A plum assignment: Sandhill plum crop is one of the best in years

Wild sandhill plums await to be eaten by humans or wildlife.
Wild sandhill plums await to be eaten by humans or wildlife. The Wichita Eagle

RENO COUNTY — For more than 100 years, Bud Miller's family has farmed crops of wheat, soybeans, corn and milo from the land.

Monday morning, three generations of Millers worked together to harvest a crop simply furnished by Mother Nature.

"I was probably 14 the first time I picked plums," said Miller, 83, as he plucked nickel-sized red fruit. "The next year three of us picked 30 bushels. That was a lot of plums."

Word across most of rural central and western Kansas is that this year's crop of wild sandhill plums is one of the best in years.

From big city parks to the recesses of remote pastures, jungle-like thickets often hang heavy with sweet fruit that's been cherished for centuries.

Spencer Tomb, a Kansas State botany professor, rated wild plums as "the best of Kansas' native fruit." Historical records show Native Americans and early pioneers relied heavily on wild plums.

Sandhill plums, or a similar sub-species of the fruit, are found in about all parts of Kansas. They come in sizes ranging from dimes to quarters. Ripe plum colors range from pale yellow to dark red.

And different thickets seem to ripen at different times, meaning plum picking can last most of the summer.

"That's one of the interesting things is that while we have some ripening right now, some will just be ripening in September," Tomb said. "I've gone out many times to hunt doves and come home with a cooler of plums up in the Manhattan area."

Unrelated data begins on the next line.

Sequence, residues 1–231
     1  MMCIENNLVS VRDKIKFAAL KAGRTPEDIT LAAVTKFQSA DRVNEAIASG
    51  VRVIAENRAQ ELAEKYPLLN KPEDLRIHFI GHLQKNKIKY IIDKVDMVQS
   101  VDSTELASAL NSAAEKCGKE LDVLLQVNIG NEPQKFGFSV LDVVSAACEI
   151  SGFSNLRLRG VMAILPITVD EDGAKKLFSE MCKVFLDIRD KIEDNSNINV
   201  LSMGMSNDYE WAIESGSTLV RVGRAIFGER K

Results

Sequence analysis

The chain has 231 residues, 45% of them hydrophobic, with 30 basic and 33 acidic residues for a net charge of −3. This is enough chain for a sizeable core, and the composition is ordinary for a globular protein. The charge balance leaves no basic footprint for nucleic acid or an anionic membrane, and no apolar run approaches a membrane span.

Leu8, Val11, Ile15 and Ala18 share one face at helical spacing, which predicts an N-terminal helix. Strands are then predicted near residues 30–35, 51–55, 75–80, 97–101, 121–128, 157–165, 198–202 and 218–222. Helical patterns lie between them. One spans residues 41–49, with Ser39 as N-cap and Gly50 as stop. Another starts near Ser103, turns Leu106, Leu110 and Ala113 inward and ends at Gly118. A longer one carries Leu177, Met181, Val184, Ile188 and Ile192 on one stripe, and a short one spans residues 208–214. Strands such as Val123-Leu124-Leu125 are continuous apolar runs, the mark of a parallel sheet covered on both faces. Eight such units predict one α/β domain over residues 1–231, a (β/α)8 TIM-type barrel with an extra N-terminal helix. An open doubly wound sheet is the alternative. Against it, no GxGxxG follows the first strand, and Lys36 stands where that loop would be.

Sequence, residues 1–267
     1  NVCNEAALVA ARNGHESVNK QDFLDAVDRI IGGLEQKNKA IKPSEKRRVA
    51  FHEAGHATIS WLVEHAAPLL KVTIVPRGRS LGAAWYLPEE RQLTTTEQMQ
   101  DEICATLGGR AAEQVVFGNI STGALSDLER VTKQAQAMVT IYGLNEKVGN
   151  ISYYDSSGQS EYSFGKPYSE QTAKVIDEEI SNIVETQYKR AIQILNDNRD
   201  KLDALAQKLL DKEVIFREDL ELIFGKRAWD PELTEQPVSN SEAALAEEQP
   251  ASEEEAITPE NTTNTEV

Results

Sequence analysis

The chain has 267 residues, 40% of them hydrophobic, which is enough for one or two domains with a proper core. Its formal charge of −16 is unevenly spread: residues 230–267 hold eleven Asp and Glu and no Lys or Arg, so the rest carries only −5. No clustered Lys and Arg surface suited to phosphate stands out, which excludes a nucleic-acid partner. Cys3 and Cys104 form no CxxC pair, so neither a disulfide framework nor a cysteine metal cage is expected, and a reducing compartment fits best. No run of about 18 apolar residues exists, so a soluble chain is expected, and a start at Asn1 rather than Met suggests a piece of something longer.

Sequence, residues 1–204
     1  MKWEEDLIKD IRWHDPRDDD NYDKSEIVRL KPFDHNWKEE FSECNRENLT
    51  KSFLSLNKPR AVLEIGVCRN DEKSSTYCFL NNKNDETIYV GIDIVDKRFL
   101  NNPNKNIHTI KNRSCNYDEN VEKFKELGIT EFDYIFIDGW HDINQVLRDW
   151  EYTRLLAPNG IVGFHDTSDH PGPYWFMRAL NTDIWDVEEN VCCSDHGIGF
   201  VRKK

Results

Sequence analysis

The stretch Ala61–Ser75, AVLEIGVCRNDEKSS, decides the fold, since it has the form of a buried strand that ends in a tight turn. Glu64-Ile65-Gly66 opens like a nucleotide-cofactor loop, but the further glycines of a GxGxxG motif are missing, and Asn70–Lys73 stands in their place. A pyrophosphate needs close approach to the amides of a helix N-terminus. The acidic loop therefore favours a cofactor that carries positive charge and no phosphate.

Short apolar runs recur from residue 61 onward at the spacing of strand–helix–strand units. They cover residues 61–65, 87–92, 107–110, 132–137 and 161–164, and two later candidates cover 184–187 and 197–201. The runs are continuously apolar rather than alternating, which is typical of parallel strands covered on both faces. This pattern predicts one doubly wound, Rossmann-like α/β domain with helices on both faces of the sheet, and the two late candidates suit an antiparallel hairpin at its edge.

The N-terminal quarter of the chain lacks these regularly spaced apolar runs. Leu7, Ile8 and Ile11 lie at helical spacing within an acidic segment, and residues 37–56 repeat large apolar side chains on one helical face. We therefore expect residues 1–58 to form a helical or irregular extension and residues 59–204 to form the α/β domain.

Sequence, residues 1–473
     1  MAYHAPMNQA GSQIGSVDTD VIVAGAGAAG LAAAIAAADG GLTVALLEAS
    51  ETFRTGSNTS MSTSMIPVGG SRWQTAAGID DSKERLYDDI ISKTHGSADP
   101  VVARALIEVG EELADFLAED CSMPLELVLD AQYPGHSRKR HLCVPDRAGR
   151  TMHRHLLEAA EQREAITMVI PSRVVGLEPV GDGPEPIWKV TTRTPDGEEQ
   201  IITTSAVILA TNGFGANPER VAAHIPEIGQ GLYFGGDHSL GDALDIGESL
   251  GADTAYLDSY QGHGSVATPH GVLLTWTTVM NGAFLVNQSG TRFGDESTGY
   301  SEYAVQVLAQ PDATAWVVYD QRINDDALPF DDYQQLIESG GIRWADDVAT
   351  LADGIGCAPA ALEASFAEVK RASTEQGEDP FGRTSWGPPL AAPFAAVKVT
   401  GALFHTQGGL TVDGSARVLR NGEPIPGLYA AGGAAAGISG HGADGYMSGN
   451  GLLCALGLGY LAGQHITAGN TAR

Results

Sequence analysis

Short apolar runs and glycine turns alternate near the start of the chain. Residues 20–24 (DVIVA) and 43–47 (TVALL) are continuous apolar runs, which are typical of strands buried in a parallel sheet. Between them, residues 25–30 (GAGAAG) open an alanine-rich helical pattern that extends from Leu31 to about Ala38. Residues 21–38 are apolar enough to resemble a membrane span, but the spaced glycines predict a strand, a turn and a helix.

Late July has long been prime picking for the Millers. While many thickets that had produced bumper crops in the past were fruitless, Todd Miller knew of a cluster where ripe fruit waited as thick as ornaments on a well-decorated Christmas tree.

To beat the heat, he, his parents Bud and Betty, and children Tye and Tasha left home shortly after breakfast.

A backroad of soft sand led them into prime plum country of gently rolling sandhills.

Tasha Miller, 18, said she now picks sandhill plums because she enjoys eating them fresh or turned into jelly.

Several years ago, she and her brother offered their gatherings for sale, first by posted signs and then on the radio.

"That's when about everybody started doing it," Tye Miller said. "That's OK, it was a lot of work."

For their grandfather, wild plums once provided much-needed work.

Bud Miller recalled the long-ago time when he and two friends sold plums in northwest Kansas.

"We sold them for $3 a bushel," he said. "It was big deal because there just weren't any jobs."

Monday's picking wasn't work-only for the Millers. Mouths worked as fast as fingers as the three generations talked of everything from this summer's plum crop to past patches, farming, hunting and fishing.

Plums playfully flew from sibling to sibling. Farm dogs Zoey and Guapo snatched up tossed ripe plums like they were pet biscuits.

In about an hour, the five Millers had totalled about four gallons of plums.

While it was fun, the picking had its challenges.

Recent rain and heat had split the skin on many plums. Todd Miller picked many yellowish plums, knowing they could be ripened in a paper sack at home.

And plum thickets are some of the tightest, thorniest cover in Kansas.

Toward the end of the morning, Betty Miller stood deep in a thicket, trying in vain to grab a cluster of brilliant fruit a few inches out of reach.

"It always seems the best plums are 'over there' where you just can't get to," said the Miller's matriarch.

So wild plum picking has probably gone for the family for more than 100 years.

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